“Praise be to God!” I exclaimed when I read the email. My husband, sitting at his desk on the opposite side of our office looked up from his work and said, “What? What happened?”
The kids were wrestling on the floor, their squawks escalating into shrieking laughs.
“I’d rather not talk over the kids,” I smiled. “But it’s good news.”
Yes, my dear readers, I’ve got GOOD news to share. Alvin Schlangen has been acquitted on all three counts of criminal charges brought against him by the Minnesota Department of Agriculture (MDA) and the Hennepin County prosecutor’s office! Mr. Schlangen is a managing member for the Freedom Farms Coop and was preparing to deliver raw milk to fellow co-op members in March of 2011 when the MDA raided his truck and confiscated his raw milk and food.
Mr. Schlangen, however, argued that he was not selling milk or food to anyone. Rather, the co-op leases the animals from a nearby Amish farmer and pays for their care. Any milk or dairy products coming from the herd is already the property of the co-op, so he was merely delivering their own food to them as a voluntary manager of the private club. The same is true of the other foods the co-op purchases together including bison, salmon, and grapefruit among others.
Schlangen said he knew criminal charges were a possibility but is surprised the government is pursuing the case against a small farmer who isn’t producing milk.
“I didn’t think this small farmer with an egg-production unit would get in trouble for carrying my neighbor’s food on a truck,” he said.
Schlangen argues that he’s doing nothing wrong because members of his co-op lease the animals that provide the raw milk, so there’s no purchase or sale.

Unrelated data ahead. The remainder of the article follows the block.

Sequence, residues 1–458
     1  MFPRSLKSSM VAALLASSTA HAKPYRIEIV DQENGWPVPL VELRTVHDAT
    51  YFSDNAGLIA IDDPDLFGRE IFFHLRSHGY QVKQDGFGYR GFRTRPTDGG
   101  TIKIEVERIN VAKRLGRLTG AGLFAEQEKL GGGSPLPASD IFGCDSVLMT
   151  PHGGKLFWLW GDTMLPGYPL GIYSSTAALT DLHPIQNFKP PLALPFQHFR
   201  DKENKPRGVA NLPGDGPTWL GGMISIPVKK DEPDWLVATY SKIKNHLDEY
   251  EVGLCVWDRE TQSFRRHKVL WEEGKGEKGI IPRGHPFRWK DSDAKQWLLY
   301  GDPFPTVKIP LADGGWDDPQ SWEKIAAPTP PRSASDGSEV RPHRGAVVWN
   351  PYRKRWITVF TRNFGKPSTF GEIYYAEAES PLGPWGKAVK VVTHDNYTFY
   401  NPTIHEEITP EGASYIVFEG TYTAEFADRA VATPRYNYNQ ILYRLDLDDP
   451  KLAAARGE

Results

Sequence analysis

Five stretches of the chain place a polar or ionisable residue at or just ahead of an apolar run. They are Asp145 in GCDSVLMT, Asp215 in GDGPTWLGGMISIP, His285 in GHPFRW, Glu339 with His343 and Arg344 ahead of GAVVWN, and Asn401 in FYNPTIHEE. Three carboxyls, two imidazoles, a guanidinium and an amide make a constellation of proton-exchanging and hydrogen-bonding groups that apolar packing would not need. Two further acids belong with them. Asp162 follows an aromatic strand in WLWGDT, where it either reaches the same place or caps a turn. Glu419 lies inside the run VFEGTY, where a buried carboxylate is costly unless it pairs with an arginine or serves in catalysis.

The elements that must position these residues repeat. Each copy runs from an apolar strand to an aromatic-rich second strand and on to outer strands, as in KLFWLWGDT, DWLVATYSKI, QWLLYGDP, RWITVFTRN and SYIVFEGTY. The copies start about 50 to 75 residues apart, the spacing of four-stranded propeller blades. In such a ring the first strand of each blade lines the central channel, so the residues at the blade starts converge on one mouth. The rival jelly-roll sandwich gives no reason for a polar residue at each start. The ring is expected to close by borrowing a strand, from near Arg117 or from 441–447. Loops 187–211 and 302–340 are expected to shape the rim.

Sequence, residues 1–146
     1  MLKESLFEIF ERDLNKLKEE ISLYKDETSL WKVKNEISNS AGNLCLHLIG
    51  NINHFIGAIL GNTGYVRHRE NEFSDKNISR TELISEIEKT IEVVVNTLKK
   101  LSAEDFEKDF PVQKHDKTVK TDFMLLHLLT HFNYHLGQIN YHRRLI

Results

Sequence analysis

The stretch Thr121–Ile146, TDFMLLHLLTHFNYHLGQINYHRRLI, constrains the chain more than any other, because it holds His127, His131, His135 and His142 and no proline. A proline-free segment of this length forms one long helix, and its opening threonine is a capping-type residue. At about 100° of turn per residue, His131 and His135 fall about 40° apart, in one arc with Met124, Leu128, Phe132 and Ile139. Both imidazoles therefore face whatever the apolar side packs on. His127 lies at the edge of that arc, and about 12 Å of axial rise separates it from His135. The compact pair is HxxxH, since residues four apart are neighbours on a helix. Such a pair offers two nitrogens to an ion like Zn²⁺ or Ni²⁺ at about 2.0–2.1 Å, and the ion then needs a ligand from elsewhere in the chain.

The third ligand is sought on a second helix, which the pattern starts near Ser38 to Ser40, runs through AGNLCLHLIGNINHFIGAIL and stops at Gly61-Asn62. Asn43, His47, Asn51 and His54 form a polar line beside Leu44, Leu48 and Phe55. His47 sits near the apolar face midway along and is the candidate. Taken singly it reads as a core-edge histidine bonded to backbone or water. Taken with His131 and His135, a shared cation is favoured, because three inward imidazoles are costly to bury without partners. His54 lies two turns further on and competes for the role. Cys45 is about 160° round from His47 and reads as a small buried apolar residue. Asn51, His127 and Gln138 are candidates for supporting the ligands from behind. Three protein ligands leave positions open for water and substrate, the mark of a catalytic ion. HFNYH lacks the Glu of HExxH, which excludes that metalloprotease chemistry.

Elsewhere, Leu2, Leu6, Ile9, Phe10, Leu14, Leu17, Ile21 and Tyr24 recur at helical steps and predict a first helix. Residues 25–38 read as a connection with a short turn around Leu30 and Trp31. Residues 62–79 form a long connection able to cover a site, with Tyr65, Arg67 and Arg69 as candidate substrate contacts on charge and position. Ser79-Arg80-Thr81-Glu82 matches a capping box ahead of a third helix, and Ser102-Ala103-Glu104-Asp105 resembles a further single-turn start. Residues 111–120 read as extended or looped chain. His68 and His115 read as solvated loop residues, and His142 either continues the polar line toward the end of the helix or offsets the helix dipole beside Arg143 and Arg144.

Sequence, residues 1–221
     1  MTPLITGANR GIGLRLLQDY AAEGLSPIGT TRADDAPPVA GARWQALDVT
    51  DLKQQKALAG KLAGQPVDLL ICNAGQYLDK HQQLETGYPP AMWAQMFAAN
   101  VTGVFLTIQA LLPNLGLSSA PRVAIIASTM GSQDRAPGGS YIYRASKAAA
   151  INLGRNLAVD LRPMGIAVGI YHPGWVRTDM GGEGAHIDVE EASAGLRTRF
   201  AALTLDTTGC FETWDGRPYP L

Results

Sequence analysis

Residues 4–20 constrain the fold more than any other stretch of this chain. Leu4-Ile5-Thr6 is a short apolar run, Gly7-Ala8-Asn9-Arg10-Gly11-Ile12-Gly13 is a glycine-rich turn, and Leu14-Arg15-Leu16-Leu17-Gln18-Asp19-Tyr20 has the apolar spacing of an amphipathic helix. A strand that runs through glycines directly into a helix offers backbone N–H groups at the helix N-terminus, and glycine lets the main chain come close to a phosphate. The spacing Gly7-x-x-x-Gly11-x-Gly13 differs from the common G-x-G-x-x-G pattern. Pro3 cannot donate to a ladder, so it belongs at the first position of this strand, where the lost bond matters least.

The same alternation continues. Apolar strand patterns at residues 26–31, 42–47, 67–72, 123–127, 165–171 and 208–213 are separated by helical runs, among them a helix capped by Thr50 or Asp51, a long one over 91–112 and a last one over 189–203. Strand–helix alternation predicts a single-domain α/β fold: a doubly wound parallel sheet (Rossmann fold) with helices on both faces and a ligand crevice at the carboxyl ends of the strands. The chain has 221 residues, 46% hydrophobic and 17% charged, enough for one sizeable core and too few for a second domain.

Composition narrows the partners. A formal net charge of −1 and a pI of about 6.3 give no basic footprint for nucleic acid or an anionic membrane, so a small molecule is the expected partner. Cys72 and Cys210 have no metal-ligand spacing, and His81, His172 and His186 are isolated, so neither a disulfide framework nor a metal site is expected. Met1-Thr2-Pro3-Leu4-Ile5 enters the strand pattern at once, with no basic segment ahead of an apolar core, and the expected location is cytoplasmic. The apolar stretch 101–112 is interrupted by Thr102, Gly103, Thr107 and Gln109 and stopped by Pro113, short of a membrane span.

He said his club is a new design of a food system that “allows the consumer. . .to be involved in the quality of the food they’re getting, and not just settle for what’s there on the shelf.”
As you know, the Farm-to-Consumer Legal Defense Fund is one of my favorite non-profit organizations. It’s dedicated to providing farmers and consumers with the legal help they need to consume the foods of their choice. Both The Fund (as we affectionately call it) and the Weston A Price Foundation provided legal assistance to Mr. Schlangen, essentially bankrolling his defense.
“You’re talking about someone who’s never been accused of making anyone sick,” said attorney Peter Kennedy, president of the legal defense fund. The members of Schlangen’s club arranged for him to deliver food to them.
“They’re happy with what he does for them, and yet the state is trying to get in the way of this private, contractual relationship between Alvin and the members of the food club,” Kennedy said. “It doesn’t really seem like they’re protecting the public health and safety.”
Perhaps one of the most deft moves made by Mr. Schangen’s legal defense team was requesting a trial by jury. Any clear-thinking citizen who sees the private contract drawn up for co-op membership is unlikely to hold the co-op’s delivery guy responsible for criminally re-selling raw dairy and food. Plus, a trial by jury requires a higher burden of proof from the prosecution.
According to Dr. David Gumpert of The Complete Patient:
A jury of six ordinary Americans did something no judge, federal or state, has been willing to do anywhere in the country, whether in New York, California, Pennsylvania, Iowa, Maryland, or Wisconsin — it ruled in favor of a farmer-food club operator providing raw milk and other nutrient-dense foods privately to its members.
And the jurors made their decision to find Alvin Schlangen not guilty of three misdemeanor counts having to do with distributing raw milk and other foods in probably the most food-repressive state in the country: Minnesota.
So, kudos to the Farm-to-Consumer Legal Defense Fund! Kudos to his attorney, Nathan Hansen! And kudos to the fine Minnesotan jury that saw through the anti raw milk hype mounted by the prosecution to the heart of the matter — the state wanted to keep people from drinking milk that came from animals they leased/owned.
Mr. Schlangen faces a second criminal trial in a different jurisdiction, Stearns County, on six misdemeanor counts for alleged violations of the Minnesota food and dairy code. A pre-trial hearing in the case is scheduled for November 2nd.
(photo by Bruce Bisping)
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